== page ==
The Democratic Party

of Hood County, Texas

Why Don't Immigrants Just Come Into The US Legally?

January 22, 2019


By Charles Stonick

A recent article by America’s Voice, a non-profit that promotes policy changes to assist immigrants and their families’ labor, civil, and political rights, describes the case of Jesus Lara Lopez. Jesus, a father of four, who was recently deported, illustrates the immigrants’ dilemma.

Jesus emigrated from Mexico 15+ years ago and had lived and worked in Ohio, marrying and raising a family. He was stopped driving to the store by police and charged with driving without a license. That quickly led to his deportation.

So why didn’t Jesus come into this country legally? And after getting here, why didn’t he just “get legal”?

The answers go a long way to explaining what people mean when they say our immigration system is broken. In Jesus’ case there was absolutely no way he could immigrate into the US legally.


There are only a few ways to legally do so. Of course, many people can visit on a tourist visa or attend college on a student visa but these offer only temporary stays. Immigration is different.

Immigration Method 1 - Employer-based immigration

An employer can sponsor a foreign worker to come to the US, but that worker must have a job lined up with an eligible employer who will sponsor them. Typically this requires:

A. The worker have advanced skills and longtime professional experience (the “Einstein” visa). Think scientists, engineers, computer programmers, athletes, top models, etc. Fun Fact: This was the method Melania Trump used to obtain her visa.

B. The worker must stay with the sponsoring employer (this has led to employer abuse, such as the Louisiana teachers recruited from India and cheated out of wages by their employer. The Southern Poverty Law Center won their suit against the school districts last year).

C. And there are limits on how many such “Einstein” visas can be granted. Separately, there are temporary, seasonal visas permitted for low-skill labor, such as for the annual importation of agricultural or service workers. Fun Fact: These are the annual visas used by Mar-a-Lago to hire their seasonal cooks and maids.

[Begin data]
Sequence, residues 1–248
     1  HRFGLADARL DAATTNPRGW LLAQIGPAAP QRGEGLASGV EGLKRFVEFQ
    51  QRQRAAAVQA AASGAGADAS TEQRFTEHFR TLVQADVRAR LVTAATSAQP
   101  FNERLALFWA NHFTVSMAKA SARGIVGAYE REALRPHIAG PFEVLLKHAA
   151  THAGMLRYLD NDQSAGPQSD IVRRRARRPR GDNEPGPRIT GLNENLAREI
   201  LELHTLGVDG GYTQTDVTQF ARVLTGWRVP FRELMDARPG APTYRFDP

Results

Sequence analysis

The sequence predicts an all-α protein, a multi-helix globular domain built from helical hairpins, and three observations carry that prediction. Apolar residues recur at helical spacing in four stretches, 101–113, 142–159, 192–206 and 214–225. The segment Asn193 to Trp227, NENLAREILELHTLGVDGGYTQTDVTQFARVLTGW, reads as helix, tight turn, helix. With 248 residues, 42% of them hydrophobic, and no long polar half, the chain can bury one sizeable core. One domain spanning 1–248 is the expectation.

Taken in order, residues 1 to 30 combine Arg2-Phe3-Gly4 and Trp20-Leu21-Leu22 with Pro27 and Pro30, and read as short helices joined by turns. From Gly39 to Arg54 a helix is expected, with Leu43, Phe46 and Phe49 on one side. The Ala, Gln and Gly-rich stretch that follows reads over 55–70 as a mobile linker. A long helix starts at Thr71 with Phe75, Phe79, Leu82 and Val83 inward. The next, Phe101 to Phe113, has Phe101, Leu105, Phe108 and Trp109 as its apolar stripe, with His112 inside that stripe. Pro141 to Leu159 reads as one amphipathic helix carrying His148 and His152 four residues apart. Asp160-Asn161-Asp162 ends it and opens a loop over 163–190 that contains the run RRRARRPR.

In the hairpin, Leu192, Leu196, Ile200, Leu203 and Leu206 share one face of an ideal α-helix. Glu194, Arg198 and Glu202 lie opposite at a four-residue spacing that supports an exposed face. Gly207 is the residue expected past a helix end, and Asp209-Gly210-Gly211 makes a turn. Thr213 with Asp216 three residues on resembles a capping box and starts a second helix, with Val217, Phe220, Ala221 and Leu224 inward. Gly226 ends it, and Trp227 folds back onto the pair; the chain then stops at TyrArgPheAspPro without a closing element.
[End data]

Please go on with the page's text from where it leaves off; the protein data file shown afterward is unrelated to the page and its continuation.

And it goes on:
Immigration Method 2 - Family-based (so-called “chain”) immigration

A. US citizens can petition for their spouses, parents, children, and siblings to join them in the United States. Fun Fact: This was the method Melania Trump used to sponsor her parents’ immigration.

B. There are waiting lists for each of these categories of relationships. For example, married children of US citizens from Mexico will wait about 20 years for a visa and Filipino siblings of US citizens wait about 25 years.

NOTE: If a person seeking to immigrate does not have a close family tie in the US, as in Jesus’ case, they are ineligible for this route.

Immigration Method 3 – Asylum Request

A. Each year, the US sets a limit on how many refugees will be admitted for humanitarian reasons. In 2016, only 20,000 refugees were admitted. Not all asylum seekers qualify as refugees, and for various reasons Mexican citizens are rarely approved for asylum – in 2016 only about 200 Mexicans were granted asylum.

B. To be admitted as refugees, individuals must be screened by international and U.S. agencies and prove that they have a “well-founded fear of persecution” in their home country “based on race, religion, membership in a particular social group, political opinion, or national origin.” An immigrant does not qualify as a refugee simply because of poverty in their home country.

C. In most cases asylum seekers have their asylum cases denied and are deported. In addition, the Trump Administration is now turning away asylum applicants at the border, in violation of US and international law.

So as a Mexican national, there was no way — zero — for Jesus to come to the US legally. He would not have been sponsored by an employer, he didn’t have immediate family in the US who could sponsor him, and as a Mexican he stood no chance to qualify for asylum.


Once Jesus made it into the US, there was no way for him to obtain legal status. Period.

• Since his children are not over the age of 21, they could not sponsor him.

• Jesus wife is undocumented so she couldn’t sponsor him. Even if he had married a US citizen, it wouldn’t have been practical. To gain legal status through a wife that has citizenship, Jesus would have to leave the country and wait for about 10 years before re-entering the US.


Here we have a productive family man – a breadwinner - that now resides in Mexico, separated, most likely forever, from his family. He cannot begin to earn enough there to support his American citizen children in the US. They are now our responsibility.

A system that punishes his children AND the American taxpayer is a broken system. It’s a true lose/lose proposition.


Entry Denied

Immigration 101: What is Asylum?

Why is it extremely difficult to gain asylum from Mexico?